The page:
Alex Noren: Wentworth win takes Swede into top 10 and boosts European Tour

Alex Noren celebrates winning the PGA Championship
Alex Noren's victory at Wentworth made him his country's first winner of the European Tour's flagship event

Sweden's Alex Noren was the perfect winner of last week's BMW PGA Championship at Wentworth.

More than any other player, the 34-year-old from Sweden justifies the European Tour's claim that it is a viable alternative to the PGA Tour. This was Noren's fifth victory in the past 11 months and it has lifted him to number eight in the world.

The overwhelming majority of the ranking points that have taken him to this elevated position have been earned on the European Tour.

The likes of Spanish sensation John Rahm, British Olympic champion Justin Rose and US stars of the American schedule such as Rickie Fowler, Justin Thomas and Patrick Reed currently trail in his wake.

And it is not as though Noren's resume is boosted by a massive influx of points from major championships. This is a player who has climbed into the top 10 solely off the back of success at standard tour events.

His Wentworth triumph was the biggest title of a soaring career. It followed wins at last year's Scottish Open,European Masters,British Masters and Nedbank Challenge in South Africa.

Noren is finally fulfilling his potential after missing most of 2014 with tendonitis in both wrists.

Alex Noren Twitter post
The Stockholm-born golfer played just two tournaments in 2014 posting updates of his recovery on his Twitter profile

"He's always been a hard worker, he works a lot on his game, sometimes maybe too much," Open champion and fellow Swede Henrik Stenson told BBC Sport.

"He has been injured a couple of times over the years in his wrist and now I think he's found his formula. He's doing the same things week in, week out and it is obviously working.

"He plays a pretty strong cut off the tee and his putting has just been phenomenal. I played with him when he won at the Nedbank in South Africa last year and the putts that he made were extraordinary."

Fittingly someone so reliable wielding the short stick prevailed on the modified West Course last week. It has been remodelled to the tune of £5m and the greens could not have been better.

The players had no excuses on the super-smooth putting surfaces, and Noren proved as much in his staggering final-round 62.

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Noren shoots record 62 to win at Wentworth

And Wentworth was the other big winner from the event that launched the Tour's Rolex Series of elite tournaments.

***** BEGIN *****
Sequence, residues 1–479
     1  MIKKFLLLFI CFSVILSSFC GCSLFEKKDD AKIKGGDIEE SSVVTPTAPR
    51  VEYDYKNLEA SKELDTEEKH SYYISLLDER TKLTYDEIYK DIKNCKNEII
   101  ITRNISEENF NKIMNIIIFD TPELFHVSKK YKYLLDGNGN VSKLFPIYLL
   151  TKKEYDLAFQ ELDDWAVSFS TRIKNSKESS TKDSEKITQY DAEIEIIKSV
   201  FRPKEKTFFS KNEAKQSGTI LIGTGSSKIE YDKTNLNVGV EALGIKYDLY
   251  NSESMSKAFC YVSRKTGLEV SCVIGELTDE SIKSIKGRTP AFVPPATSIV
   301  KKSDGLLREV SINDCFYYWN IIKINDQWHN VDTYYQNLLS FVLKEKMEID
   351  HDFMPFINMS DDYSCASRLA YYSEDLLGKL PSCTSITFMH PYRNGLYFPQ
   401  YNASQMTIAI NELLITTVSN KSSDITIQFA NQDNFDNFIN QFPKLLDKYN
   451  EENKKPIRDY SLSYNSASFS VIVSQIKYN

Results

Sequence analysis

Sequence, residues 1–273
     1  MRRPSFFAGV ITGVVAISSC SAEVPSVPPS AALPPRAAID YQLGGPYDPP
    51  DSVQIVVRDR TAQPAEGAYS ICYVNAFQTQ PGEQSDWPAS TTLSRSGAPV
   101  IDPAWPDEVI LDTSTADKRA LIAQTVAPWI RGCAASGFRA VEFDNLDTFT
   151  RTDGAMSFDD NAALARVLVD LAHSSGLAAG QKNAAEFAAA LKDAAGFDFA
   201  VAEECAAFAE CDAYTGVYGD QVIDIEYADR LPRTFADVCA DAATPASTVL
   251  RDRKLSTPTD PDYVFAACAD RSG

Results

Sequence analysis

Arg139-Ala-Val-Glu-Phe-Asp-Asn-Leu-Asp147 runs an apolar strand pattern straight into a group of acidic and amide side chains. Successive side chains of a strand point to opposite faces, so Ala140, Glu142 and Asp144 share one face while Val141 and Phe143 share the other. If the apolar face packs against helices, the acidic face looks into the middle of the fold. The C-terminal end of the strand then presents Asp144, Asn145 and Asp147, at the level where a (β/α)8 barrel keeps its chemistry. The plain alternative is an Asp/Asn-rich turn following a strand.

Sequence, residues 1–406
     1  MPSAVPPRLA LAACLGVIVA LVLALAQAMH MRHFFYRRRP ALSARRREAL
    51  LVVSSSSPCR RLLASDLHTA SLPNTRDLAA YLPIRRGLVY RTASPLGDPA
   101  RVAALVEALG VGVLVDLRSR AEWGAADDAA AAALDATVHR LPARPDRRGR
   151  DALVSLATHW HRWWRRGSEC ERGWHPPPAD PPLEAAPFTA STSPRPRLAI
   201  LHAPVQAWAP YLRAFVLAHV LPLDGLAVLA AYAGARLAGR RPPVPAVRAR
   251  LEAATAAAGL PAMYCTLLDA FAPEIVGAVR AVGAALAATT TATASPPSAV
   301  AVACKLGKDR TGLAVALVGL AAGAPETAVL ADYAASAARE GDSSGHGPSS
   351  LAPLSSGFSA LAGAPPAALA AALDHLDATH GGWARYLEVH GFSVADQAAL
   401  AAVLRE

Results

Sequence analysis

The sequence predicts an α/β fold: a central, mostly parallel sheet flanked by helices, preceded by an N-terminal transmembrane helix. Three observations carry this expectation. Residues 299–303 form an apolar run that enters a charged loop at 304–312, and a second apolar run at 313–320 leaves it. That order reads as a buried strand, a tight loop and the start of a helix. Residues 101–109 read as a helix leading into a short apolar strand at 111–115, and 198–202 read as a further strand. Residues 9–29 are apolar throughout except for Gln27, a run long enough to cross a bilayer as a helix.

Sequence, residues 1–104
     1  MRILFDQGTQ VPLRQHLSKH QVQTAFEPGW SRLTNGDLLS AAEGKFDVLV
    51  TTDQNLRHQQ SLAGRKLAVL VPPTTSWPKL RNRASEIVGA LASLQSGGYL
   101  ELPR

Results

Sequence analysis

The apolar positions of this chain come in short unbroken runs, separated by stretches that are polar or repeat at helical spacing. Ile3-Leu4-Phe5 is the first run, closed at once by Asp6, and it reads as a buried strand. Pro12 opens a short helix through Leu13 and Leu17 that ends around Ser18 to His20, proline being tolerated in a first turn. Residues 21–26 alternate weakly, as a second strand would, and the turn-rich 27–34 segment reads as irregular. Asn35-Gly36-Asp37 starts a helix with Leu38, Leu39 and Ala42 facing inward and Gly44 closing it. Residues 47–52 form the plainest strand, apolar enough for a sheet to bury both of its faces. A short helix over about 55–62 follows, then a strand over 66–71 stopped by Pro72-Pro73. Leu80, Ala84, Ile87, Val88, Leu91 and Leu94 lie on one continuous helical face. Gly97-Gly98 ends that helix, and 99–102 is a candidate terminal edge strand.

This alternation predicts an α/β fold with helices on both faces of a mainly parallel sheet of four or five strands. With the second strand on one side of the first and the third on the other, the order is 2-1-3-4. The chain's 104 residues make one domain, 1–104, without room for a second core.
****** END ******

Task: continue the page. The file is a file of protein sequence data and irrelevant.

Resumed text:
The layout is much fairer, yet it remains a demanding test. Noren was the only player to truly overcome it and that required a magnificent putting display.

The West Course is once again a fitting venue for such a significant tournament. One area I would criticise, though, is the policy of growing rough around the bunkers.

If the fairway lines were mown around the hazards they would play wider, there would be more scope for bump and run shots through shaved contours and it would be more aesthetically pleasing.

With rough grown close to almost every green, chipping and pitching became rather one dimensional with players left with the sole option of taking an aerial route.

More options equal more fun for player and spectator alike.

Alex Noren on the 18th green at the BMW PGA Championship
The course at Wentworth received a £5m renovation in time for this year's tournament

Not that Noren is complaining. Rarely can he have had more enjoyment on a golf course and it is a win of potential significance going forward.

"This tournament in my mind compares a lot with a major," he said. "What I wanted to do is play better against a better field and on better courses, tougher courses.

"And I view this as a very difficult course against a very tough field."

Noren's major record is modest to say the least, with his share of ninth place at the 2012 Open his only top-30 finish in any of the big four events that define careers.

"It's just trying to improve my weaknesses and improve on my strengths, and trying to figure out where I'm losing shots, where I'm gaining shots," he added.

"But overall, a win like this brings your confidence up, and that's what I've always needed, to believe in myself, and then it's easier to focus on what you need to do."

Henrik Stenson celebrates winning the 145th edition of The Open
Henrik Stenson, who became Sweden's first male major champion by winning the Open in 2016, believes his compatriot can also be a major winner

Noren's compatriot Stenson, who triumphed at last year's Open at Royal Troon in sensational style, believes major success is within the compass of his fellow Swede.

"It would be hard not to say that you can see a major for him in the future, if he keeps on playing like that," Stenson said.

"He's played a bit more in America and I think that's a bit of a learning experience to take your game across the Atlantic and get familiar with the courses over there. He's making progress and he's had a very impressive year."

Noren has played a handful of US events in 2017, finishing an encouraging 10th at the Players Championship earlier this month and reaching the quarter-finals of April's WGC Matchplay in Austin.

But it is in Europe where he prospers. This week he plays the Nordea Masters - a tournament he has won twice and where England's Matt Fitzpatrick is defending champion fresh from a fine closing 66 at Wentworth.

Attention then switches towards the US Open, where Noren has made just one cut in four previous events before the Stockholm man embarks on a run involving multiple title defences.

Given the events of last week, he is more than entitled to approach it all with great confidence.